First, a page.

A new research by Food and Drug Administration (FDA), the U.S. food and drug guarantee body, followed up on a pilot study published last year. And confirmation: six active ingredients found in sunscreen products can be detected in users' blood even after just one application.
However, several experts questioned about the study urge to continue using sunscreen. Sun damage has already been ascertained, while we do not yet have a measure of the health impact of the chemical compounds present in UV protection products.
The pilot study still left doubts
Last year the FDA released the results of a small pilot study. This study found that regular application of several common sunscreen formulations resulted in detectable blood concentrations of four chemicals: avobenzone, oxibenzone, octocrylene and ecamsule. At the time, the study was criticized for the too small sample, as well as for the excessive levels of product tested.
This follow-up study expanded the size of the sample, tested a large assortment of active ingredients and studied the absorption of blood even after a single application of sunscreen.
The new research has dispelled all doubts
New research has found that 6 major chemical ingredients active in sunscreen can be present in detectable concentrations in the blood even after just one application. All six chemicals (avobenzone, oxybenzone, octocrylene, homosalate, octosalate and octinoxate) were found in concentrations above 0,5 ng / mL.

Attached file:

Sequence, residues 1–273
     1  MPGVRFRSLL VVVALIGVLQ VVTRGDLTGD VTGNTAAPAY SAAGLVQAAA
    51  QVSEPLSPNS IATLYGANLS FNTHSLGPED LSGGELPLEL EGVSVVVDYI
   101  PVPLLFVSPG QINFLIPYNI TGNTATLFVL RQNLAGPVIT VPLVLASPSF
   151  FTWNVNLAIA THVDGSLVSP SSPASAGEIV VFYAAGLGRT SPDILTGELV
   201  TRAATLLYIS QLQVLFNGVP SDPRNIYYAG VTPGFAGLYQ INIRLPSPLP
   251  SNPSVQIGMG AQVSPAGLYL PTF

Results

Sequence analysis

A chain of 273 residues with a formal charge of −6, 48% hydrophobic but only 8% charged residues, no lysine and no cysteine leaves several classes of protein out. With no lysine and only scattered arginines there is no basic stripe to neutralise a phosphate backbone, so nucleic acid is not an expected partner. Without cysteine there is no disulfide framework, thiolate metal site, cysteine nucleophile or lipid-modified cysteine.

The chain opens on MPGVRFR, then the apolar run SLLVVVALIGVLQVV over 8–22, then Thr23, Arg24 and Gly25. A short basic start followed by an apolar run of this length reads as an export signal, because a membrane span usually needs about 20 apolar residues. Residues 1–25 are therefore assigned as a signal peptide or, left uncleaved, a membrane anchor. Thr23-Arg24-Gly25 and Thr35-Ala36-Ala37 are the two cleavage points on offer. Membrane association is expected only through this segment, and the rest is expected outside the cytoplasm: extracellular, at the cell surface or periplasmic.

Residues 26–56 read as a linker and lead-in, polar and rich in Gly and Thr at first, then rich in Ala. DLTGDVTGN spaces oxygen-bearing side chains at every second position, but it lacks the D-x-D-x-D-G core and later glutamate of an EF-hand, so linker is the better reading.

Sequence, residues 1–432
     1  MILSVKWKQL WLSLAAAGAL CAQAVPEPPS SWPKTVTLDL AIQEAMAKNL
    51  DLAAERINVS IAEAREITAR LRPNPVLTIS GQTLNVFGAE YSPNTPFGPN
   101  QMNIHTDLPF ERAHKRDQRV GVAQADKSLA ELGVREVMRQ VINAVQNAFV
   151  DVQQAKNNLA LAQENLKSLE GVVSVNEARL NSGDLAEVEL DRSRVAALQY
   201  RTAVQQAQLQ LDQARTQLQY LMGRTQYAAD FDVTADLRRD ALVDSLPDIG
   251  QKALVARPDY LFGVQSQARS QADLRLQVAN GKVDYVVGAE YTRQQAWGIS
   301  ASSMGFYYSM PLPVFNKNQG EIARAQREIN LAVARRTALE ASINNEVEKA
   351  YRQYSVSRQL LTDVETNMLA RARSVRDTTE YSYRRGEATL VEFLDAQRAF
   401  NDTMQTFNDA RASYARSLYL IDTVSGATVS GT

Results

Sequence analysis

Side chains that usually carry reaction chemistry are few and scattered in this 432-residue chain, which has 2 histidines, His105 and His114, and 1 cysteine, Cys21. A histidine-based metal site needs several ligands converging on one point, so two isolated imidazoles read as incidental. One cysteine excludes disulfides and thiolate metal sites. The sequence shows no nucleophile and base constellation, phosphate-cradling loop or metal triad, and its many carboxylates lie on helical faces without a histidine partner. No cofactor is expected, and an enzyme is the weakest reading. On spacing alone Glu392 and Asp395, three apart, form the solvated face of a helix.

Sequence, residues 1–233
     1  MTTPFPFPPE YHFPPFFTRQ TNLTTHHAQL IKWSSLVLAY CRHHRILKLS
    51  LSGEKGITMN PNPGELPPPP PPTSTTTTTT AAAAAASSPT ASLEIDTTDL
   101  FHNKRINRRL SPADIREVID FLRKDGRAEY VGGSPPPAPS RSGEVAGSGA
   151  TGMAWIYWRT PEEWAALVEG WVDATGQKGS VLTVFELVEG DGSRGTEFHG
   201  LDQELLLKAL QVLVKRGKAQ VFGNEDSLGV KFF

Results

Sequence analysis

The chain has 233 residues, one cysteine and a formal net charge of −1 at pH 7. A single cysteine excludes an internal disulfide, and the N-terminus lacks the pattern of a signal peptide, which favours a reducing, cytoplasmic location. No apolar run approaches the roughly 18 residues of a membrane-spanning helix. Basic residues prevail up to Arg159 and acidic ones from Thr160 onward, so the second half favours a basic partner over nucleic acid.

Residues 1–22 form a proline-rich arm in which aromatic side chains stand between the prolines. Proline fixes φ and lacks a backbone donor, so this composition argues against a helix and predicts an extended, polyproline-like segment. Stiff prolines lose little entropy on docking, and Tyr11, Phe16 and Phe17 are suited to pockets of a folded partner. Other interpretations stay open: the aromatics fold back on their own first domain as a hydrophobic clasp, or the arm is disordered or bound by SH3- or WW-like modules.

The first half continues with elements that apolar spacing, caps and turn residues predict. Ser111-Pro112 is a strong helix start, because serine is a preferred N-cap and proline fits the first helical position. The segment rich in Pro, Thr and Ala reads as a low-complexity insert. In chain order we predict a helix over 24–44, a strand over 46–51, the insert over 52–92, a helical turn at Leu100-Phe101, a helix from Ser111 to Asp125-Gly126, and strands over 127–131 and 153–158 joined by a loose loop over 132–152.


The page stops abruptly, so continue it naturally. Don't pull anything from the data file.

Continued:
The 0,5 ng / mL threshold found in the study is not established as intrinsically insecure, but FDA researchers consider it significant, because the risk of cancer below this threshold is less than 1 in 100.000.
In an "ecumenical" and neutral way, the study does not investigate and hypothesize the carcinogenic effects of these substances in the blood, but will ensure that companies ask themselves the problem.
Sun creams: are chemical filters bad?
Rob Chilcott, University of Hertfordshire toxicologist, says the results of the study were predictable, as it is known that the skin is not a solid barrier and can absorb chemicals even from surface applications.
"This does not mean that sunscreen products are not safe to use, but that manufacturers must perform adequate safety tests", he claims Chilcott, who did not work on this FDA study. “It should be emphasized that, unless further details are taken, the health risks of using sunscreens and filters are not well defined. And those resulting from excessive sun exposure are potentially more harmful. "
In summary, there is definitive evidence that sunscreen chemicals applied to the skin can enter the circulation. We still don't know what their health effects are. Of course, seen individually (and have been observed for some time) these 6 substances do not do well, and not only to the environment.
Which is why I continue to use protections without going overboard. Maybe even supporting me with protective clothing without resorting to chemistry and in general without abusing sun exposure. It is the logic of minor damage, until new developments.
Do doctors need to keep recommending chemical filters and sunscreen?
This is what is asked an editorial accompanying the study, written by Kanade Shinkai, editor in chief of the journal JAMA Dermatology.
The editorial discusses the risk-benefit considerations that physicians should use to evaluate how well to recommend sunscreen to patients.
"In making an informed decision," it is read, “Doctors need to determine whether the extent of the benefit outweighs the risk of potential harm to a specific individual. It is important to stress that this balance can be different. They affect the characteristics of the user of the sunscreen (for example, for people with darker skin types and for children) and may depend on the frequency and duration of the application (for example, daily vs intermittent use; starting from childhood or later in life). "